1.5 [pieces] solid white thawb [light cotton cloth worn under the qunbaz]

1.5 [pieces] black thawb

5 blue hatta [head covers], of large size

5 manadil [head kerchiefs], red…

3 manadil…with black tassels

1/2 bundle of blue shalayil [long round columns made of cotton/silk strings].

To the most eminent and high standing, our father, Hajj Isma‘il Afandi Arafat, may he be preserved. Amen!

After greetings and inquiry about your most distinguished person…our father, we need these goods from you. Please choose them from high-quality materials and do not delay at all in sending them to us with the bearer of this letter. He has with him one French lira, and the rest put on our account. We, God willing, will come to see you soon, and please do not worry. We plead with you emphatically that you choose good [pieces] and do not delay in sending them.…Our greetings to you and your family and children and all those in your well-endowed shop.…

Your Son,

Sa‘id Hajj Zubayda

[P.S.] Let the bearer know the remaining cost.[112]

The writer’s promise to travel soon to Nablus usually meant soon after the harvest season, when payment was expected in cash, not kind.[113] Sometimes, however, arrangements were made for payment in jars of olive oil or measures of wheat.[114] Darwaza described the process as follows:

Some [textile] merchants sold to whoever passed by, others had agents, and some combined both. My father and other colleagues were of the latter kind. The agents were mostly peasants who bought their kiswa on credit until the grape, fig, oil, wheat, or barley seasons. Of course, the price was higher than cash sales [and varied] according to the length of the loan. They used to write IOUs on the peasants, specifying the payment date. When the harvest season…arrived, the agents came to sell their seasonal harvest and to pay their debts. The shop owners used to go to their agent’s villages to check on their loans. My father and grandfather had agents in the villages of Hajja, Bayta, and Bayt Amrayn.…I went with them more than once.[115]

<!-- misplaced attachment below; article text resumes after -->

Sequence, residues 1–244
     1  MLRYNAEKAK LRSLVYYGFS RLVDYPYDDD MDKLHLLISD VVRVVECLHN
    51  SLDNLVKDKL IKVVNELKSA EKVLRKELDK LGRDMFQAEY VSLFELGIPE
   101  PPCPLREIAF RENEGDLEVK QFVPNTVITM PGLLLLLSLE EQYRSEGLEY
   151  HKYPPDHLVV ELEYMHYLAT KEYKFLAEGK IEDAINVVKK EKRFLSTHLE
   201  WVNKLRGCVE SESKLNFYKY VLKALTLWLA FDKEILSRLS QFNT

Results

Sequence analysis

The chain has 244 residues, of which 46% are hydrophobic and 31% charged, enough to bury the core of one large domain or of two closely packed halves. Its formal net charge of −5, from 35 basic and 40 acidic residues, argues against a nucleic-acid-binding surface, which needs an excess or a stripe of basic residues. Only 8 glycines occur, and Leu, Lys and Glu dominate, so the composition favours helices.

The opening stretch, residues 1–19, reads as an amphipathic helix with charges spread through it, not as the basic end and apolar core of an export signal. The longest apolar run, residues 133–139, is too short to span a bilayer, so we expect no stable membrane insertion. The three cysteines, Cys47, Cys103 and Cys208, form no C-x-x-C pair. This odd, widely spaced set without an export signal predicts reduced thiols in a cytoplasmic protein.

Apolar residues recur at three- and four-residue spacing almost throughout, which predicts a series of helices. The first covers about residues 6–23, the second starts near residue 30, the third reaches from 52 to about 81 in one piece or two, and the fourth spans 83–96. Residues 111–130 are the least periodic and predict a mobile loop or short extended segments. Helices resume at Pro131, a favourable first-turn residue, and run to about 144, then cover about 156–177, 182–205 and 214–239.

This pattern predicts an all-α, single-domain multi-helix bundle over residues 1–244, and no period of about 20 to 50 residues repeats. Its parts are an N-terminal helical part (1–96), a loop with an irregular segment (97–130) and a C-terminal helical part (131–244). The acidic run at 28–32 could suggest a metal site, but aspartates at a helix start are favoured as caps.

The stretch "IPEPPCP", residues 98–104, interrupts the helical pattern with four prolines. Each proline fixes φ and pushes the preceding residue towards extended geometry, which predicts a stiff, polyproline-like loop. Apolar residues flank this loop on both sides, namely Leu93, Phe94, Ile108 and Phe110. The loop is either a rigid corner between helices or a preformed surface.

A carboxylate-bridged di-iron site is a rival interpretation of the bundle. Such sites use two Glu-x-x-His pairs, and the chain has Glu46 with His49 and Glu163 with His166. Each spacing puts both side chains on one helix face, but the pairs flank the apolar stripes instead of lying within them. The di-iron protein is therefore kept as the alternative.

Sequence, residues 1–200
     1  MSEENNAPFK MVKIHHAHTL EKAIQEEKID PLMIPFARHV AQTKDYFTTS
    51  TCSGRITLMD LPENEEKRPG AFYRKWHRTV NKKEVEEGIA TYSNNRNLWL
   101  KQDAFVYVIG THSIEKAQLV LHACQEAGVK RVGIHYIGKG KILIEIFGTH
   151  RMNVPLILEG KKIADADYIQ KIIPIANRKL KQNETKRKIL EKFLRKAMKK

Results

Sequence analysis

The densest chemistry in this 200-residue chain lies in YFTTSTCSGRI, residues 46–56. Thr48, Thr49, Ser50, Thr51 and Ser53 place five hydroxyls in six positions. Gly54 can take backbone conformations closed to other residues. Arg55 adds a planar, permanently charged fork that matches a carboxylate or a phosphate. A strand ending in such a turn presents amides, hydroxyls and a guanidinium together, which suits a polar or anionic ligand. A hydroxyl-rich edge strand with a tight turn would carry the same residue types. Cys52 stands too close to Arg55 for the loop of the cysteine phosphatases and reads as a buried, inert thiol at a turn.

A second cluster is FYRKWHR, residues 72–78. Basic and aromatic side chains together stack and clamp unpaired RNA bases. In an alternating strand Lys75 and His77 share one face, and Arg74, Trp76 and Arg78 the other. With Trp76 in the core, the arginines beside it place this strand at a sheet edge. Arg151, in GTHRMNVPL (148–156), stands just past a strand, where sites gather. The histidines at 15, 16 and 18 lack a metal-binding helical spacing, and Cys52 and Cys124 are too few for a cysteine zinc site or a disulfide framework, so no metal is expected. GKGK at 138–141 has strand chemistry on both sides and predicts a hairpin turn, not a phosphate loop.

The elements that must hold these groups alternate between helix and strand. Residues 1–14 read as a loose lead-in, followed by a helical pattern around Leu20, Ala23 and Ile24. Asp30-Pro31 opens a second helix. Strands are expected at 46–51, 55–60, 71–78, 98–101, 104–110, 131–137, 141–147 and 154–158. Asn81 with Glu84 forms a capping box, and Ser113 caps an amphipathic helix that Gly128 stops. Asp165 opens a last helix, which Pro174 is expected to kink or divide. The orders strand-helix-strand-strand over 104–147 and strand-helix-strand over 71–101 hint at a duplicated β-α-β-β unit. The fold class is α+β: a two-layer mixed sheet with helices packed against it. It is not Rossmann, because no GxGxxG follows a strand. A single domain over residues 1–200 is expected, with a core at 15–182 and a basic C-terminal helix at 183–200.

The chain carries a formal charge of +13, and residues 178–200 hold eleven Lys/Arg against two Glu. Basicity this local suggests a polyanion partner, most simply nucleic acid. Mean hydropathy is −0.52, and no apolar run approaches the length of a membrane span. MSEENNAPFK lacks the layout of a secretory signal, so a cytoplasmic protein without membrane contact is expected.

Upon arrival, textile merchants usually tied their horses next to the oil press (badd) or the threshing floor (baydar), symbolically signaling their intention to collect their due. Practically, they could keep an eye on the economic health of both the overall harvest and the individual peasant household. Sometimes they would remain steadfast in this prime location until the entire debt was paid. Larger and richer merchants, such as the Arafats, employed horsemen (khayyala), each referred to as al-jabi (collector), who would ride into these villages and demand payment. The collectors, often peasants themselves, were well suited for this task, for they were keenly attuned to possible evasive tactics and tricks. Often the peasants could not or would not pay. But the collectors prolonged their stay, thus taking advantage of the peasant tradition of hospitality (diyafa), whereby the village collectively provided lodging, food, and other services to visitors in a special room in the village square (madafa).[116]